Millennia are really big events—like when the odometer on your car rolls over from 9999.9. Well, the kid brought his car in for its 2,000 year check-up, so I did it. But I warned him, the news is really bad, so fixing it is really going to cost a lot.
Here’s one problem. The redeemers have already arrived. The Thousand Year Reich may seem to have lasted a scant few years, but if you look carefully, you’ll see that after three days in the bunker, almost every one of its core ideas was resurrected to radiate future-ward over ever spreading territory. Mercy killing, abortion, infanticide, the whole conceptual structure of unlebenswertige life, once seen as repulsive, has within but one generation been transformed into the very portrait of beauty. Eugenics, insistent racialism, and nationally demarcated socialism are now the common heritage of all enlightened Westerners. Governor George W. Bush got it (inadvertently) right: it’s ridiculous to whine that we’re "slouching toward Gomorrah"—we’re in a dead sprint, chest at the tape, proud of our imminent triumph.
That’s one problem. Another is this: Fairness. The hereditary aristocracies have vanished, but a new cognitive elite has just begun its ascent to dominance, and everyone is invited to join—if they are smart enough to know how. At our best universities, the largest proportion allow their brains to be shaped by useless drivel: deconstructionism, alternate sexualities, loony methods for achieving "social justice." The American mind isn’t just being closed, it’s being evacuated.
But there is another, much smaller, group on campus. It pursues quantitative studies. Year by year, the content grows ever more sophisticated and complex. Many years of training in sophisticated mathematics will allow a student to but scratch the surface of, say, early quantum mechanics. To really get its present state requires many years more. This group is naturally both elite and meritocratic.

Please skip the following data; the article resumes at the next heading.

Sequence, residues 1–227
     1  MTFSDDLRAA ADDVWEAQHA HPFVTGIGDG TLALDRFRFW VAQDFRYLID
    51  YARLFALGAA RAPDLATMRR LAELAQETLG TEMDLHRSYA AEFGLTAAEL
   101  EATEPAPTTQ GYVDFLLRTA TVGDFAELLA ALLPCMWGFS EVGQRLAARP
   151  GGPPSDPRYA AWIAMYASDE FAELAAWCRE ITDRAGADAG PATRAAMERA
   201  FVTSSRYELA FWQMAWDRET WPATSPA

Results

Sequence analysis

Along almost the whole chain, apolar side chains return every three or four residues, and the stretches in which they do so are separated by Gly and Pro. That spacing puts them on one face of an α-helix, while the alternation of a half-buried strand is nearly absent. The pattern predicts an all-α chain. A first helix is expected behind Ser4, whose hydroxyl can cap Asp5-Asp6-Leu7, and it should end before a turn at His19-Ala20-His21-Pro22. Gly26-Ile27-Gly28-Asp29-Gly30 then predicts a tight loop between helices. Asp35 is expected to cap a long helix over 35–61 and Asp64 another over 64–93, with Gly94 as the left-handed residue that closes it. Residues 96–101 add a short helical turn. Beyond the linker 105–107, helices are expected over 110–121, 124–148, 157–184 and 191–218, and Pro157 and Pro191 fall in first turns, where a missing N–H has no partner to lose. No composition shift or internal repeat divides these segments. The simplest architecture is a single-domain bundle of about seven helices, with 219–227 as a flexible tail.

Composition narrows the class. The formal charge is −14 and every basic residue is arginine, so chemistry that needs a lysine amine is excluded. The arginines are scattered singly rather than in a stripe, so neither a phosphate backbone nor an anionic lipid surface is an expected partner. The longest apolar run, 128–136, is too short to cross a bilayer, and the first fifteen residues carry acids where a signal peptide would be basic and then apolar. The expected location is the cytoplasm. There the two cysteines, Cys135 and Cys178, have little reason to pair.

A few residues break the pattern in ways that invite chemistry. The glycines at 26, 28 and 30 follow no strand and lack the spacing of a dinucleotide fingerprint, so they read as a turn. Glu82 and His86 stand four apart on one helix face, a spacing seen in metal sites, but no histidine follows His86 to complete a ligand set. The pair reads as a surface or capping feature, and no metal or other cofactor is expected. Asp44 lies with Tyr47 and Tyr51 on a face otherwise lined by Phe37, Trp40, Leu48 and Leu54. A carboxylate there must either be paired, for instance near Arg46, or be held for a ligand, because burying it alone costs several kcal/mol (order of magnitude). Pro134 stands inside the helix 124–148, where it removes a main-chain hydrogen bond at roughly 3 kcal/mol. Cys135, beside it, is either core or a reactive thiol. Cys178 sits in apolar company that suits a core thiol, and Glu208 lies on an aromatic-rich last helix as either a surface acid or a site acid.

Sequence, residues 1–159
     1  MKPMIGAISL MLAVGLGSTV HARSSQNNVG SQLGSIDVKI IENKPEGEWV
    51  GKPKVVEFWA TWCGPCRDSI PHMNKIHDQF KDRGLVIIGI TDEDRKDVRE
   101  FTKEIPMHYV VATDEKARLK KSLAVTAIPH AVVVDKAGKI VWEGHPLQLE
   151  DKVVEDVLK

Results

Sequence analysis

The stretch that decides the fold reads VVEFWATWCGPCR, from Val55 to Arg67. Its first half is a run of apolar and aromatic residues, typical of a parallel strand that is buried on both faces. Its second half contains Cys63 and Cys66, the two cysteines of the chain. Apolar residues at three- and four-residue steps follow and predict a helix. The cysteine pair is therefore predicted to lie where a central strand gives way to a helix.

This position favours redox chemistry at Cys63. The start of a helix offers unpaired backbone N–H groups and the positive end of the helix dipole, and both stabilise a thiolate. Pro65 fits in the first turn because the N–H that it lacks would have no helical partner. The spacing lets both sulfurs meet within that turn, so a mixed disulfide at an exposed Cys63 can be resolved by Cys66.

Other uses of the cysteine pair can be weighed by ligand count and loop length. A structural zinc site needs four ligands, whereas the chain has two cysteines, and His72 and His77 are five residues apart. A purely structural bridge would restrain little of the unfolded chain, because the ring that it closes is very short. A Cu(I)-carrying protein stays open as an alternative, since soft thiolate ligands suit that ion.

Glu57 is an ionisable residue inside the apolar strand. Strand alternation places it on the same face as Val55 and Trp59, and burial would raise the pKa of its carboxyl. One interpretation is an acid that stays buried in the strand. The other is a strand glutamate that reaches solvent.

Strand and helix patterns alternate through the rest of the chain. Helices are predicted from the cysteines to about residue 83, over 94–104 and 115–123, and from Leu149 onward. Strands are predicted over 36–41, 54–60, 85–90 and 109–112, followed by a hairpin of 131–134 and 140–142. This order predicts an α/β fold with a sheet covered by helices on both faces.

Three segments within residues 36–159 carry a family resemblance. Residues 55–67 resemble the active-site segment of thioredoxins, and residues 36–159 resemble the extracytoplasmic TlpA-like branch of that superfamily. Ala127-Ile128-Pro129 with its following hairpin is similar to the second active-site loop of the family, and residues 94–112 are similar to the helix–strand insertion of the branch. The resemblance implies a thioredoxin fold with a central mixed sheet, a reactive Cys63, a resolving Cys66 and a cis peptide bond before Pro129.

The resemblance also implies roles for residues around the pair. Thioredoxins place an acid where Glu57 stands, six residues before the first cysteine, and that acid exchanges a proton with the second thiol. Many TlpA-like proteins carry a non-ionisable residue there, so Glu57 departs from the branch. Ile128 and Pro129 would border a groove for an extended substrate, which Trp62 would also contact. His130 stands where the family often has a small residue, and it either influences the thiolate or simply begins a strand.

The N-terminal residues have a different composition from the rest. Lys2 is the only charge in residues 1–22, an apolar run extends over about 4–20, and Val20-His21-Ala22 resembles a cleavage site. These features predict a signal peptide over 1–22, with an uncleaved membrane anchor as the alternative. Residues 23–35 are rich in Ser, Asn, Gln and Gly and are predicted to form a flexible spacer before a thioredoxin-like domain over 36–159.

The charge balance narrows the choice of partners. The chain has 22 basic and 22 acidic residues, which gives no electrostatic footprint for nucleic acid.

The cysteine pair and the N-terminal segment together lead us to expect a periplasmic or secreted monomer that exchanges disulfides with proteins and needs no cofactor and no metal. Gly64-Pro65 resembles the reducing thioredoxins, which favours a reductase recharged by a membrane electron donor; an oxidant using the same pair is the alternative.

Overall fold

Math and physics students are now being recruited by Wall Street because even finance is becoming ever more quantitative. The right shoes and the right social network may still help at the beginning, but increasingly, it’s the right number on your Stanford-Binet, and the application of that number to the right stuff, that does the trick. It’s not for nothing that the riches of Silicon Valley were created by nerds. Of all the major universities, MIT produces the largest proportion of entrepreneurs and has the reputation elsewhere in the world of being "the best."
When the rising elite have consolidated their ability to manipulate emerging biomolecular and quantum computational technologies, they will form a club whose barriers to entry will be the most scrupulously fair in history—and the most ruthlessly impenetrable to the unqualified. Having little need to preserve dominance by force or trickery, they may form, if they have a mind to, the most benign and self-centered ruling class imaginable. The arrogance of today’s "caring" elites is a mere foretaste of the unasked-for helpfulness to come.
Perhaps we will even alter human nature itself, and turn ourselves into something utterly alien, a race for whom the old standards—wisdom, humility, nobility, kindness—will be discarded like a serpent’s skin. We’ll just become winners, until we meet an alien race better at it than we, but since at that point we will be genetically convinced that might alone makes right, it won’t matter.
Yet another vehicular system that seems to be failing is religion. I suppose that God Himself is doing just fine, but His earthly defenders are on the ropes—and it’s our own fault. Religion deservedly comes in for more criticism in its failures than does science, because genuine religion claims for itself the ability to know what’s true, whereas genuine science claims for itself only the ability to quantify the probability of a thing being wrong. (Bad science and bad religion simply swap roles, the former proclaiming Truth, the latter worshiping Doubt.) Religion’s bęte noire is the fact that a genuine truth arrogantly asserted—that is, without so much as a moment’s consideration that it might be false—is a most pernicious kind of falsehood, far worse in its effects on the humane than a flat mistake.